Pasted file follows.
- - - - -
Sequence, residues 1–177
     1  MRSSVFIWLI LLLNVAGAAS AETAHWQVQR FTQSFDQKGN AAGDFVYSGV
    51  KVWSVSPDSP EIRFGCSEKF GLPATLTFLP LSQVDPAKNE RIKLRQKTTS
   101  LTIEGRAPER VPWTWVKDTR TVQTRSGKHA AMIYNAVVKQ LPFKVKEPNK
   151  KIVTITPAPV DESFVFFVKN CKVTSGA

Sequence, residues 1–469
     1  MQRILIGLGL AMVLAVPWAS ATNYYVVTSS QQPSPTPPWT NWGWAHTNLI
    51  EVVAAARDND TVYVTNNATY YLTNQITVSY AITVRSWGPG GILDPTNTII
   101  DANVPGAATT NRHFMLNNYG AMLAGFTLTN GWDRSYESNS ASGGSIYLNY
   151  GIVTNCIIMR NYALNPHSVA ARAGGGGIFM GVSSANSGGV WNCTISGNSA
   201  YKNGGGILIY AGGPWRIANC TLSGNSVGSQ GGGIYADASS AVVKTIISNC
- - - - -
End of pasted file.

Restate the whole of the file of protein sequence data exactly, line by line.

Sequence, residues 1–177
     1  MRSSVFIWLI LLLNVAGAAS AETAHWQVQR FTQSFDQKGN AAGDFVYSGV
    51  KVWSVSPDSP EIRFGCSEKF GLPATLTFLP LSQVDPAKNE RIKLRQKTTS
   101  LTIEGRAPER VPWTWVKDTR TVQTRSGKHA AMIYNAVVKQ LPFKVKEPNK
   151  KIVTITPAPV DESFVFFVKN CKVTSGA

Sequence, residues 1–469
     1  MQRILIGLGL AMVLAVPWAS ATNYYVVTSS QQPSPTPPWT NWGWAHTNLI
    51  EVVAAARDND TVYVTNNATY YLTNQITVSY AITVRSWGPG GILDPTNTII
   101  DANVPGAATT NRHFMLNNYG AMLAGFTLTN GWDRSYESNS ASGGSIYLNY
   151  GIVTNCIIMR NYALNPHSVA ARAGGGGIFM GVSSANSGGV WNCTISGNSA
   201  YKNGGGILIY AGGPWRIANC TLSGNSVGSQ GGGIYADASS AVVKTIISNC